Here are some comments inspired by John the Methodist and commentators at his site:
It’s been said, “Give a man a fish; you have fed him for today. Teach a man to fish; and you have fed him for a lifetime.”
This helps illustrate problem of timing when it comes to measurement. When you invest yourself in teaching a person to fish you will – at one point in the process, appear to be cruel and heartless. “Here is this poor man, needy and starving, and instead of giving him a fish, you make him wait until he can learn to catch one himself.”
Or we could change the image a little. “Here is this poor person without a job, and instead of giving her a job right now you make her go to school first. How can you be so heartless?”
With current techniques of communication and travel, we can know more than ever about the tremendous needs of people around the world – and we have the means to send them resources. We know how to sell all we have and give all to the poor. But is that a “give a man a fish” or a “teach a man to fish” solution? Something that will help in the short term but be disastrous in the long term (unless having large numbers of people who have given away everything and now need other people to care for them is not seen as a negative).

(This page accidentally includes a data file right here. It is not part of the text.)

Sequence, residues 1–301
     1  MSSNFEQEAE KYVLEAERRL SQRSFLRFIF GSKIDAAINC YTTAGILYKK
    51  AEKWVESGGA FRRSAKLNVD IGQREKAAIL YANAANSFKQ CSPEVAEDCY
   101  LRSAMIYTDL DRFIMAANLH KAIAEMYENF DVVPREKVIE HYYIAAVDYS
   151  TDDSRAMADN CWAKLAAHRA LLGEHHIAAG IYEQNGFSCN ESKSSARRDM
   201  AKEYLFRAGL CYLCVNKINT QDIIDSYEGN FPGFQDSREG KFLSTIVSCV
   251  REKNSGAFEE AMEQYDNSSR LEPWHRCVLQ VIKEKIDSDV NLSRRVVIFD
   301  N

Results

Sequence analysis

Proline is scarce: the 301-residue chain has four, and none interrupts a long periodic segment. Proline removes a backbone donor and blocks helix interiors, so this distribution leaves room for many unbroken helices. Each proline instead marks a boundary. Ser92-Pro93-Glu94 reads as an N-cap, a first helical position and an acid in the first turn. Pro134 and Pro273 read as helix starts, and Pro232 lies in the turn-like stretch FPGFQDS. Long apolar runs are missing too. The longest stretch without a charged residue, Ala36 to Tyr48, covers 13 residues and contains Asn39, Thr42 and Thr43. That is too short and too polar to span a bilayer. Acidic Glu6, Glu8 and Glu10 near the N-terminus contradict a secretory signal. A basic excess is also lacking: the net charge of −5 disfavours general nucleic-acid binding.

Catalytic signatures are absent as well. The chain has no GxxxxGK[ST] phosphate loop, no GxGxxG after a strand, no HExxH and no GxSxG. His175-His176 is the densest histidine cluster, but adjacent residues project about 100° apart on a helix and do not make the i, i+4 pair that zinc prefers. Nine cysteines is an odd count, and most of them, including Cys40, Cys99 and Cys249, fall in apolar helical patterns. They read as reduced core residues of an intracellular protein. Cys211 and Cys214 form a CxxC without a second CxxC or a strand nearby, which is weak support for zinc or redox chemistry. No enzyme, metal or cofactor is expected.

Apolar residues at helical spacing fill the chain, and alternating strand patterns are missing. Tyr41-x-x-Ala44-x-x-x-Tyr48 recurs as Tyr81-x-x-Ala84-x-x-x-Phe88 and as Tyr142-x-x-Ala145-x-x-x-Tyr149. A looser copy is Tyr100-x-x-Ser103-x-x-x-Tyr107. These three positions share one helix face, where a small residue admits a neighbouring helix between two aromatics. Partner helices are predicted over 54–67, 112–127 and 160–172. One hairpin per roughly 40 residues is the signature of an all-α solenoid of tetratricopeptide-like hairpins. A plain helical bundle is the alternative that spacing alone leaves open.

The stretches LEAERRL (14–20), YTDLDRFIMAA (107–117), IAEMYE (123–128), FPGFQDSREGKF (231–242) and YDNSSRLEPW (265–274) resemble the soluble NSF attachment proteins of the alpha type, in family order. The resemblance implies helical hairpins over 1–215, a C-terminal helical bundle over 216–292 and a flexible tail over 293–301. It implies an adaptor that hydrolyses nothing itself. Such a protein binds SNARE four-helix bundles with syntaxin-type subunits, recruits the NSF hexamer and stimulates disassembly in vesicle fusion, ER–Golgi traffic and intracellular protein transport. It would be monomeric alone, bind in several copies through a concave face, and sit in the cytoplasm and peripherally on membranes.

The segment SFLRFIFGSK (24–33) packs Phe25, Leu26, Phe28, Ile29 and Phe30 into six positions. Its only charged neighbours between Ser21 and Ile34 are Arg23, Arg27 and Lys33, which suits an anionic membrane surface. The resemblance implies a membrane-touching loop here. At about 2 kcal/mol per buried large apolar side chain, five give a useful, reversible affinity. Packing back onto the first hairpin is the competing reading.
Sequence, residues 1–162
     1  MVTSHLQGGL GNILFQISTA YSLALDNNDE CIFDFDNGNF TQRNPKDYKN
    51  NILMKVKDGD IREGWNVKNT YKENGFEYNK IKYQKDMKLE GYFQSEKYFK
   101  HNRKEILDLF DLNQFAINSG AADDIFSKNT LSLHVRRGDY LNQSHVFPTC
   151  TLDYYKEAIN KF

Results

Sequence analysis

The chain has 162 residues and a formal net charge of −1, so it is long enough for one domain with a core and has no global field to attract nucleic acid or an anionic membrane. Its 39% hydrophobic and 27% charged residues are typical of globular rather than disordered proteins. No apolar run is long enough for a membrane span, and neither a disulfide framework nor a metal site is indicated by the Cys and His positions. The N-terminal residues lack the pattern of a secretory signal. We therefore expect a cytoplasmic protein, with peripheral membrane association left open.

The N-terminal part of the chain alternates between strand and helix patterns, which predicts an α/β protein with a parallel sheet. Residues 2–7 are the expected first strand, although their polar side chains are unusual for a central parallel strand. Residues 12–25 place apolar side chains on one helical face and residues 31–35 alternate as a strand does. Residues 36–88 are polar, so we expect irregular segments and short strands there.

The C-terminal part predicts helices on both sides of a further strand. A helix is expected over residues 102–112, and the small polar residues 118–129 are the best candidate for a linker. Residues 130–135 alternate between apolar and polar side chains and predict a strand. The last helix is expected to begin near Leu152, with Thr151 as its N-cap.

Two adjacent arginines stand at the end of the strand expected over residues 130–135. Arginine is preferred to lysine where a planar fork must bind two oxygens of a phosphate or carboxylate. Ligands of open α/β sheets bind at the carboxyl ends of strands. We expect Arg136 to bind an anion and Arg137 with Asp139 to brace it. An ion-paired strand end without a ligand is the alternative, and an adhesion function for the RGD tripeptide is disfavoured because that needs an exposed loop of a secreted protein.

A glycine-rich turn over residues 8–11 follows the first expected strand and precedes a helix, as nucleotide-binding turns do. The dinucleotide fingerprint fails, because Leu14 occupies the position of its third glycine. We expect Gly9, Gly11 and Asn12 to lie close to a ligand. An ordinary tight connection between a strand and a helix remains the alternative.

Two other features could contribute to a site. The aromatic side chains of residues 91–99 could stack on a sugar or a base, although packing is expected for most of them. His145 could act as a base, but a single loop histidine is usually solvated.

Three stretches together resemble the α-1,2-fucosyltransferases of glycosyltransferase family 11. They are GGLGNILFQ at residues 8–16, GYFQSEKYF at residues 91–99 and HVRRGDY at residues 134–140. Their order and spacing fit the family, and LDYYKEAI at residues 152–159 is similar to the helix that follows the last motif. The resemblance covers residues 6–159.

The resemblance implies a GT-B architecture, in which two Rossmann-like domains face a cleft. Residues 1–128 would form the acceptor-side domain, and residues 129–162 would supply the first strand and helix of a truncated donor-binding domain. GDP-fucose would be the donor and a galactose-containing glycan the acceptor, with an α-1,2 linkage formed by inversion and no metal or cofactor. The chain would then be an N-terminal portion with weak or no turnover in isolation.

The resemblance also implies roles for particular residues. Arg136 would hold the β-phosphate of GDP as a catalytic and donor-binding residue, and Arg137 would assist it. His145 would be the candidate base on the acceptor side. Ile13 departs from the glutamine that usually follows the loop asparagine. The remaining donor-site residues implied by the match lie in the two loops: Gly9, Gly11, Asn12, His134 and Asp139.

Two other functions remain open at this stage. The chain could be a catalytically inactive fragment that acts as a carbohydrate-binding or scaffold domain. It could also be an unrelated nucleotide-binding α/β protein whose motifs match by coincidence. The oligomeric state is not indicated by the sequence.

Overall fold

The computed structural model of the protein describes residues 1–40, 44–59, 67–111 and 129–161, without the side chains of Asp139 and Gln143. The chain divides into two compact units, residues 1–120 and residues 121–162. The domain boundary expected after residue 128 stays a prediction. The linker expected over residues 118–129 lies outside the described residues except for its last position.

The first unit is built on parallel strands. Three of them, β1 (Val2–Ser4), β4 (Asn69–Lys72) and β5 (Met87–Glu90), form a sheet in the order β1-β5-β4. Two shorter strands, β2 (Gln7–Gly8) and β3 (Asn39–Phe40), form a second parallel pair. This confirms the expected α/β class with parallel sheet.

Admittedly, the this whole idea of fishing is unbiblical (though other ideas of fishing are present in scripture, this quote comes from elsewhere).
So what can we do given the problem of time? Here are a few ideas:
1. Live as grateful recipients of God’s grace. Nothing we have is ours merely because we deserve it.
2. Live as stewards. God has put resources under our control to use for his agenda. In the parable of the talents praise came not for immediately giving the talents away, but for multiplying them until the master called for them.
3. At any given time be living in such a way that a picture of your life up to that point would show you to be generous with the people around you.
4. Redefine your sense of personal gain and prosperity to include the actual well-being of the people around you.
5. Give more than you loan. If someone pays you back, that’s ok.
6. Trust God to take care of your finances and possessions more than you trust yourself (or the government) to do so.